Complex PTSD

December 10, 2019

Prolonged or repeated trauma turns PTSD into complex PTSD

Complex post-traumatic stress disorder (complex PTSD) is a psychological condition caused by prolonged or frequent exposure to traumatic events.

PTSD is generally related to a single event, while complex PTSD is related to a series of events or one prolonged event. Symptoms of PTSD or complex PTSD can arise after any traumatic episode, such as a car crash, an earthquake, or a sexual assault.1

“PTSD is a clinical diagnosis, meaning that there are no lab tests or X-rays that confirm the diagnosis. Rather, a mental health professional will discuss your symptoms and experiences and make the diagnosis based on certain criteria,” according to Steven Gans, MD, a medical expert on the staff of Best Doctors. “The hallmark feature of PTSD is exposure to one or more traumatic events. Not everyone who experiences a trauma will develop PTSD,” he added.

Symptoms can include:

  • reliving the trauma through flashbacks and nightmares
  • avoiding situations that resemble the trauma
  • dizziness or nausea
  • hyperarousal, which means being in a continual state of high alert
  • the belief that the world is a dangerous place
  • a loss of trust in one’s self or others
  • difficulty sleeping or concentrating
  • being startled by loud noises

Along with the trauma, there must be some way in which the traumatic event is re-experienced in recurrent and distressing ways, according to Dr. Gans. In addition, there is also:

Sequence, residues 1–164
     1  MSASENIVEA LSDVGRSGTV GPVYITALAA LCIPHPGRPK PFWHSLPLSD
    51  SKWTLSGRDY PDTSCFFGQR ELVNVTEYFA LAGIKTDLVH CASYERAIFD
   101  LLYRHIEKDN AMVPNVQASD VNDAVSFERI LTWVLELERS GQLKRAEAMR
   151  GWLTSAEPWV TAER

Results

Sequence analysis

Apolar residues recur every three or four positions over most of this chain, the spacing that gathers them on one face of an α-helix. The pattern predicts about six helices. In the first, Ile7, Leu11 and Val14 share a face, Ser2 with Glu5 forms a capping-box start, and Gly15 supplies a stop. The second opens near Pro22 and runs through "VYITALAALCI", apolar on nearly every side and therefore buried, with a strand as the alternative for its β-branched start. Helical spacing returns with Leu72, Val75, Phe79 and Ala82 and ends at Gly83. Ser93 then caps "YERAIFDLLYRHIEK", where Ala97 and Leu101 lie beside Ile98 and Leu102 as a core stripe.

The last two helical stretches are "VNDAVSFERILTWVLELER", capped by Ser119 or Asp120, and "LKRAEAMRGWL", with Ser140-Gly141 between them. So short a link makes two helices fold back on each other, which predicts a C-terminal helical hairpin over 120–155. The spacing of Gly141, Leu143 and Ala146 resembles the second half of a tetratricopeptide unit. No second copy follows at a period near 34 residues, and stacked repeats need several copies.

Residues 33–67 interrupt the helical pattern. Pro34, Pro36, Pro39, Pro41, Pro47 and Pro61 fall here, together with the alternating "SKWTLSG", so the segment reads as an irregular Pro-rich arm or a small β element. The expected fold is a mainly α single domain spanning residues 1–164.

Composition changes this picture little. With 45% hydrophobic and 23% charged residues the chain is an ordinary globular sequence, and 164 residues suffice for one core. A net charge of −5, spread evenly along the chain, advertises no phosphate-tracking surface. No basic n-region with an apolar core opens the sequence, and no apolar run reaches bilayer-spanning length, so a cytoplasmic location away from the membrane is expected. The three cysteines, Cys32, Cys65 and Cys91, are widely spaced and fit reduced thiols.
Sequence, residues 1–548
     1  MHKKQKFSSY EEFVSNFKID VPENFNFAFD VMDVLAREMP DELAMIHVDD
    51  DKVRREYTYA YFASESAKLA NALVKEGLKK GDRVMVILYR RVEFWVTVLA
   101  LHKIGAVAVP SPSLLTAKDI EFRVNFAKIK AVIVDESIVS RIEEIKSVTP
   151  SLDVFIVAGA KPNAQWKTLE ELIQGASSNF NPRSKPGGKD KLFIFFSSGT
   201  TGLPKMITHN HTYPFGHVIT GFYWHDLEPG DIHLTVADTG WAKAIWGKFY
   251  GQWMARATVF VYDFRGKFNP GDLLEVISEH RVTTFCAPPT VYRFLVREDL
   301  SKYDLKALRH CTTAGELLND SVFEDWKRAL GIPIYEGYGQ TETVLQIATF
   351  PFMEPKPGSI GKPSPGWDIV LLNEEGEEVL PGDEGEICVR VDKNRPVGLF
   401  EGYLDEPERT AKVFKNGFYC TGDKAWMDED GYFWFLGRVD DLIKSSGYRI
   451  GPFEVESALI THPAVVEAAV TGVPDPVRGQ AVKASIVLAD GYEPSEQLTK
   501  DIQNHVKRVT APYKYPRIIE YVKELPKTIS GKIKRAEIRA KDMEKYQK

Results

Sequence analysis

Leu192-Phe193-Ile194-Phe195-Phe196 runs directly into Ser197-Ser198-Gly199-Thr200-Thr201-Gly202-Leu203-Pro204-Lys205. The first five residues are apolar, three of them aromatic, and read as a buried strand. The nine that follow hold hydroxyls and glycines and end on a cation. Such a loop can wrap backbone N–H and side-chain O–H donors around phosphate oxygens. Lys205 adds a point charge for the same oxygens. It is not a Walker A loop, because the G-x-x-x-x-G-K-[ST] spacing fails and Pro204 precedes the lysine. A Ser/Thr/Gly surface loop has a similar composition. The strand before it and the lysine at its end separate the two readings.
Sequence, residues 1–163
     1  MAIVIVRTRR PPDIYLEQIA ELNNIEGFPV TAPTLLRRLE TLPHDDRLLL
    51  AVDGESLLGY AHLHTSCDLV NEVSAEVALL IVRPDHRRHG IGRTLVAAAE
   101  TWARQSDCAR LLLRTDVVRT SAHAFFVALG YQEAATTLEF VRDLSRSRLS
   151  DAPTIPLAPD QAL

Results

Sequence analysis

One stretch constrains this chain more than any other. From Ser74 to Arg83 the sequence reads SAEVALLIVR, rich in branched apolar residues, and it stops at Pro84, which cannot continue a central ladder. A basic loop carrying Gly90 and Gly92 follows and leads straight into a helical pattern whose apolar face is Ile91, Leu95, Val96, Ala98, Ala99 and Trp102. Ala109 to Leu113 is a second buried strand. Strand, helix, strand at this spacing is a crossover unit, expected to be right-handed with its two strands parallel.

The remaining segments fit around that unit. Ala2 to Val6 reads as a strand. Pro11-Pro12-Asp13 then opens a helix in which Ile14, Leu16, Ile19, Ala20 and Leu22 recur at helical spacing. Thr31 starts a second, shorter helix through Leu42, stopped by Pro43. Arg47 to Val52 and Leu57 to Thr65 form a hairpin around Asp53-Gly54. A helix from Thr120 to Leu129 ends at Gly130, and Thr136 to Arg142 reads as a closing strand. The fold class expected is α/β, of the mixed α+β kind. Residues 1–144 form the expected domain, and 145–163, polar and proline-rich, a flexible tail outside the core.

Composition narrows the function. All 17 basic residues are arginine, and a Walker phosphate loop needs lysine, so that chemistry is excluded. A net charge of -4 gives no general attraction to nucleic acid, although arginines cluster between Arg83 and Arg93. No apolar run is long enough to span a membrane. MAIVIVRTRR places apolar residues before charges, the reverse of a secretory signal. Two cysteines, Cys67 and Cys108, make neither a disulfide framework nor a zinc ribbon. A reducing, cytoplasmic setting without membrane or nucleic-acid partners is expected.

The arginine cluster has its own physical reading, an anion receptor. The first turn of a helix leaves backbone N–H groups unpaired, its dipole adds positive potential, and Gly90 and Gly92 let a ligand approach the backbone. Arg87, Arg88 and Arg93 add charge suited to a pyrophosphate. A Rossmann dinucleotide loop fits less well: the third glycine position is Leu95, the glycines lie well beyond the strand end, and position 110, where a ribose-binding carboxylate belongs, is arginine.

• avoidance of reminders of the trauma
  • negative impacts on mood and thinking associated with the trauma
  • physical symptoms of increased reactivity and being “on guard”

Treatment for complex PTSD usually involves “trauma-focused” psychotherapies that examine the experience of the trauma and help the patient to more effectively process and face their trauma. These include cognitive behavioral therapy (CBT), cognitive processing therapy (CPT), and prolonged exposure therapy (PE), among others.

Additionally, certain medications, such as some of the selective serotonin reuptake inhibitor (SSRI) antidepressants, can sometimes be helpful in reducing PTSD symptoms.

Complex PTSD is a relatively recent concept. Because of its variable nature, healthcare professionals may instead diagnose another condition. They may be especially likely to diagnose borderline personality disorder (BPD).

Living with the aftermath of a trauma is difficult enough, without the uncertainty of whether your diagnosis is correct. If you have been diagnosed with any of these conditions, your Best Doctors benefits are the ideal source of second opinions offered by our medical experts. With a comprehensive, objective review of your case, you can have the peace of mind that comes from meticulous, detailed research that can either confirm or refute your diagnosis.


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This blog is not meant to provide medical advice or service, and should not be construed as the professional advice of Best Doctors. As such, Best Doctors does not guarantee or assume responsibility for the correctness of the information or its applicability regarding any specific factual situation. Personal health problems should be brought to the attention of physicians and appropriate healthcare professionals. Best Doctors and the star-in-cross logo are trademarks or registered trademarks of Best Doctors, Inc.

Posted In: Health Matters